regarded as a mere privilege to be given to the accused only where it clearly appears he comes
within its letter; to do so would be to disregard the teaching in many cases that the Probation Law
should be applied in favor of the accused not because it is a criminal law but to achieve its
beneficent purpose.
One of those who dissent from this decision points out that allowing Arnel to apply for probation
after he appealed from the trial court’s judgment of conviction would not be consistent with the
provision of Section 2 that the Probation Law should be interpreted to "provide an opportunity for
the reformation of a penitent offender." An accused like Arnel who appeals from a judgment
convicting him, it is claimed, shows no penitence.
This may be true if the trial court meted out to Arnel a correct judgment of conviction. Here,
however, it convicted Arnel of the wrong crime, frustrated homicide, which carried a penalty in
excess of 6 years. How can the Court expect him to feel penitent over a crime, which as the Court
now finds, he did not commit? He only committed attempted homicide with its maximum penalty
of 2 years and 4 months.
Ironically, if the Court denies Arnel the right to apply for probation under the reduced penalty, it
would be sending him straight behind bars. It would be robbing him of the chance to instead
undergo reformation as a penitent offender, defeating the very purpose of the Probation Law.

2. SUYAN vs. PEOPLE G.R. No. 189644 July 2, 2014


FACTS:
Information was filed against petitioner, charging him with violation of Section 16, Article III of
R.A. No. 6425 (Possession and Use of Dangerous Drugs). During arraignment, he pleaded guilty
to the charge. The RTC thereafter proceeded with trial.
Petitioner was convicted of the crime, for which he was sentenced to suffer the penalty of six (6)
years of prision correccional and to pay the costs. On even date, he filed his application for
probation.
RTC issued a Probation Order covering a period of six (6) years. While on probation, petitioner
was arrested on two occasions for violating Section 16, Article III of R.A. No. 6425. Two separate
Informations were filed against him.
Atty. Navarro, then the Chief Probation and Parole Officer, filed a Motion to Revoke Probation.
Atty. Navarro alleged that petitioner has been apprehended twice for drug possession while on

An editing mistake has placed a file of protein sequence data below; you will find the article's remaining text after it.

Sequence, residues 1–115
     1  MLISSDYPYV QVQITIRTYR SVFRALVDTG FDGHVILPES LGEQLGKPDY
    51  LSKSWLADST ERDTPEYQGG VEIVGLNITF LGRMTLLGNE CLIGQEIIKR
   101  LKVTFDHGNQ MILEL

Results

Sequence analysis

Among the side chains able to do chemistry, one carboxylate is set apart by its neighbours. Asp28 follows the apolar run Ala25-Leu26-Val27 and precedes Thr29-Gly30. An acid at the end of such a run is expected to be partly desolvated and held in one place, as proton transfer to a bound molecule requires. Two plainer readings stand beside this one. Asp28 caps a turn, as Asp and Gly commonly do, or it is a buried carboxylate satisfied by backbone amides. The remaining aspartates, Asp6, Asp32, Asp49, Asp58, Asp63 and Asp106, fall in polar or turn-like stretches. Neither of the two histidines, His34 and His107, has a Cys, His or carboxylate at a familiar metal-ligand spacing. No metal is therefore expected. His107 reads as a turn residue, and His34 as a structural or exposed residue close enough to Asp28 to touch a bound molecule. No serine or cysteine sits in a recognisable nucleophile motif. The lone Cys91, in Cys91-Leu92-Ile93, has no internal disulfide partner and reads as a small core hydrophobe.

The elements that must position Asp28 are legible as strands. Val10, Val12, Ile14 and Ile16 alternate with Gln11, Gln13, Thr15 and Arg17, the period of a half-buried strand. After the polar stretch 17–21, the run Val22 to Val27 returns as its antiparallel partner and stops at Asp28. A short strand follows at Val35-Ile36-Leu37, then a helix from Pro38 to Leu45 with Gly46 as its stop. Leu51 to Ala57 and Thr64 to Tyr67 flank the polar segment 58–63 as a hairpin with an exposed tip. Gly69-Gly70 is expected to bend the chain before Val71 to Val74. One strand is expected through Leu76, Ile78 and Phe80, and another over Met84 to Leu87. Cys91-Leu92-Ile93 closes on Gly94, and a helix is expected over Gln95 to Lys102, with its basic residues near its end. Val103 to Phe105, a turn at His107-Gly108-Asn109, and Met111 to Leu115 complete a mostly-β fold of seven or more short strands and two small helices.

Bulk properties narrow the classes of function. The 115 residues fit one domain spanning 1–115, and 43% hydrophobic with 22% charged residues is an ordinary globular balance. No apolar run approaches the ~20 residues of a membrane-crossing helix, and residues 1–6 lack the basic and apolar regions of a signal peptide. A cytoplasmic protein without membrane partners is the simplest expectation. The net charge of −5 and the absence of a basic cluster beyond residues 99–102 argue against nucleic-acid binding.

probation. The former further alleged that petitioner was considered a recidivist, whose
commission of other offenses while on probation was a serious violation of the terms thereof. Atty.
Navarro also pointed out that petitioner was no longer in a position to comply with the conditions
of the latter’s probation, in view of his incarceration.
RTC issued an order revoking the probation of petitioner and directing him to serve the sentence
imposed upon him. It denied his Motion for Reconsideration.
Aggrieved, petitioner filed a Rule 65 Petition with the CA, wherein he assailed the revocation of
his probation. He argued that he was denied due process as he was not furnished with a copy of
the Motion to Revoke; and when the motion was heard, he was not represented by his counsel of
record.
The CA granted the Rule 65 Petition by annulling and set aside RTC’s revocation of petitioner’s
probation. The CA ruled that the trial court had not complied with the Probation Law and the
procedural requisites for the revocation of probation under the Revised Rules on Probation
Methods and Procedures, enumerated as follows:
1) No fact-finding investigation of the alleged violations was conducted by the Probation Officer.
2) The Probation Office should have reported to respondent court the result of said investigation,
if any, upon its completion.
3) There was no Violation Report under P.A. Form No. 8, the contents of which are enumerated
under Section 38 of the Revised Rules on Probation Methods and Procedures.
4) No warrant of arrest was issued by respondent court after considering the nature and seriousness
of the alleged violations based on the report, if any.
5) The petitioner should have been brought to respondent court for a hearing of the violations
charged, during which petitioner – with the right to counsel – should have been informed of the
violations charged and allowed to adduce evidence in his favor.

The CA ordered the remand of the case to the RTC for further proceedings, for the purpose of
affording petitioner his right to due process pursuant to Presidential Decree (PD) No. 968, and the
Revised Rules on Probation Methods and Procedures.
In compliance with the CA Decision, the RTC conducted a hearing on the Motion to Revoke. A
Violation Report was filed by the Dagupan City Parole and Probation Office recommending the
revocation of probation. The Violation Report provides in part:
At the outset of his probation period, probationer showed manifested negative attitude by
incurring absences and not attending rehabilitation activities despite constant follow-up by
his supervising officers. He continued with his illegal drug activities despite counselling
and warning from this Office.
Obviously, probationer has failed to recognize the value of freedom and second chance
accorded him by the Honorable Court, his conduct and attitude bespeaks of his deviant
character, hence he is unworthy to continuously enjoy the privilege of probation.
The RTC issued an Order revoking the probation. It ruled that it had granted petitioner due process
by affording him the full opportunity to contest the Motion to Revoke; but that instead of rebutting
the Violation Report, he merely questioned the absence of a violation report when his probation
was first revoked. The RTC further held that there was positive testimony and documentary